The Explanatory Notes to the Bill highlighted the significant disruption to operations at Gatwick Airport in December 2018 (after a drone was sighted in close proximity to the runway), and the large economic and operational impacts drones can have when used with malicious intent. (Gatwick Airport was forced to shut down for 30 hours, impacting approximately 140,000 passengers over 1,000 flights and the military was deployed, along with officers from six Police forces.)
  • Misuse of drones can lead to criminal prosecution under the Air Navigation Order 2016 (as amended), which replaced the 2009 Order and is the UK’s principal legislation governing civil aviation operations. Chapter 4 covers unmanned aircraft and sets out the key principles for flying drones lawfully, including maximum heights (400 ft), and distances to be maintained from aerodrome boundaries (1 km), vehicles, structures and persons, and the need to maintain direct, unaided visual contact with the drone. It also requires drones weighing over 250g to be registered with the CAA (some 200,000 drone owners in the UK have now registered). Breaching these restrictions is against the law and may result in a fixed penalty notice or fine. Under Article 265, endangering the safety of an aircraft is a criminal offence which could lead to a five year prison sentence on conviction.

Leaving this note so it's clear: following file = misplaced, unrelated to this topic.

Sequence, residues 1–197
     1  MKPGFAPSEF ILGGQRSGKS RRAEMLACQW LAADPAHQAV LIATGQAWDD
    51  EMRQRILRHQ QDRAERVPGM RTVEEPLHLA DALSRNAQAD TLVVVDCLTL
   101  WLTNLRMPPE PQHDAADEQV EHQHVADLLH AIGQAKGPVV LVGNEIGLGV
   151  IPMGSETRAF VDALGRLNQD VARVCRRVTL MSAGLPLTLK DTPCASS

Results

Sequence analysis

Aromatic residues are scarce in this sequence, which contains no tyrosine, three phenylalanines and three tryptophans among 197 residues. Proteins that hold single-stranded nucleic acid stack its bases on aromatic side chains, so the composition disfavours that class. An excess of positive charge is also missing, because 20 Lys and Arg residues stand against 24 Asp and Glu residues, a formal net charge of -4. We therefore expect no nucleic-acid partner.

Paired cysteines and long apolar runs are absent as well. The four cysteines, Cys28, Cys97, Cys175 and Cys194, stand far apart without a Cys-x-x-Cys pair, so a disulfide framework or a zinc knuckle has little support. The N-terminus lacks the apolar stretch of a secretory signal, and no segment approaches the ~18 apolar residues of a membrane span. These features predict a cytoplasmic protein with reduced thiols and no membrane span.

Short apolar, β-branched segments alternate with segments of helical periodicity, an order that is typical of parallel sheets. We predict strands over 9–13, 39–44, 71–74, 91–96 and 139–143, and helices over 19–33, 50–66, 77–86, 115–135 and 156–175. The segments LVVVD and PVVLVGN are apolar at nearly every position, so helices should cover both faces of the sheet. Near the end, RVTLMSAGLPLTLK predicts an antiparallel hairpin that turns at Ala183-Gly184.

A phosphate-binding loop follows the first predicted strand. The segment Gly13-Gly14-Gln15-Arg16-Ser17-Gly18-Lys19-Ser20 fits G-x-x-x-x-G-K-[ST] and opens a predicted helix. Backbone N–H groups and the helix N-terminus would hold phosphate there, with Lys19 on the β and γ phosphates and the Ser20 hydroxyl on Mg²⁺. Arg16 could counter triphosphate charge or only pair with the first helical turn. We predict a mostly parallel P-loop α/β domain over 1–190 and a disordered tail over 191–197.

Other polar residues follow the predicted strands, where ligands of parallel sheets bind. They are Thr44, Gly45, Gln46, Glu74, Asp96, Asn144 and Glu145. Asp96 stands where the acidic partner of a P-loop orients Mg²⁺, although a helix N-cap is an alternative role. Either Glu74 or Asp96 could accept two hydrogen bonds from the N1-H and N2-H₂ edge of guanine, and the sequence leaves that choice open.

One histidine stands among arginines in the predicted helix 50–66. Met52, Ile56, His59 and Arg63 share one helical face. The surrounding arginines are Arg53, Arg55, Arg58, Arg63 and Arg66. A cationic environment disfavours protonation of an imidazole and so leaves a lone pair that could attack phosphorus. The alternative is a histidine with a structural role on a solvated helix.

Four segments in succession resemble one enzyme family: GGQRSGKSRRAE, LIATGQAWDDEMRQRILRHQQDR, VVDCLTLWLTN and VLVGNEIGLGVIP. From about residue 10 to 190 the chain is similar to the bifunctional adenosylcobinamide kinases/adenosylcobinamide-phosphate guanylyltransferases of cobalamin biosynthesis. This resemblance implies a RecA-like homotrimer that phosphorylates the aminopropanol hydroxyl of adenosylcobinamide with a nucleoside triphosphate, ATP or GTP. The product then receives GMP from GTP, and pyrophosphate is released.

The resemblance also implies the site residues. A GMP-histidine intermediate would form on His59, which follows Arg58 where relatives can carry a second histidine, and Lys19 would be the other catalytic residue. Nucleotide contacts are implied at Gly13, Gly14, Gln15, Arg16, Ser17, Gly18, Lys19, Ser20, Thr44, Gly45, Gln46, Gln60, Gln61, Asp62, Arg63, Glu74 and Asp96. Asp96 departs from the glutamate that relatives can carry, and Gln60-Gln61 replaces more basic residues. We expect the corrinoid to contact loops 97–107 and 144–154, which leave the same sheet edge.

The UK’s first drone conviction (under the earlier Air Navigation Order (2009)) was in 2014, after a Nottingham resident was caught flying a drone over Manchester City football stadium, as well as a number of London landmarks, including Buckingham Palace and Parliament. In 2018, the CAA successfully prosecuted a drone user in the Magistrates Court, who had failed to maintain direct, unaided visual contact with his drone, and flew it dangerously close to a Police helicopter that was being used to search for a missing person. More recently, in June 2021, a drone user was fined £5,000 for flying over MI6’s premises in central London.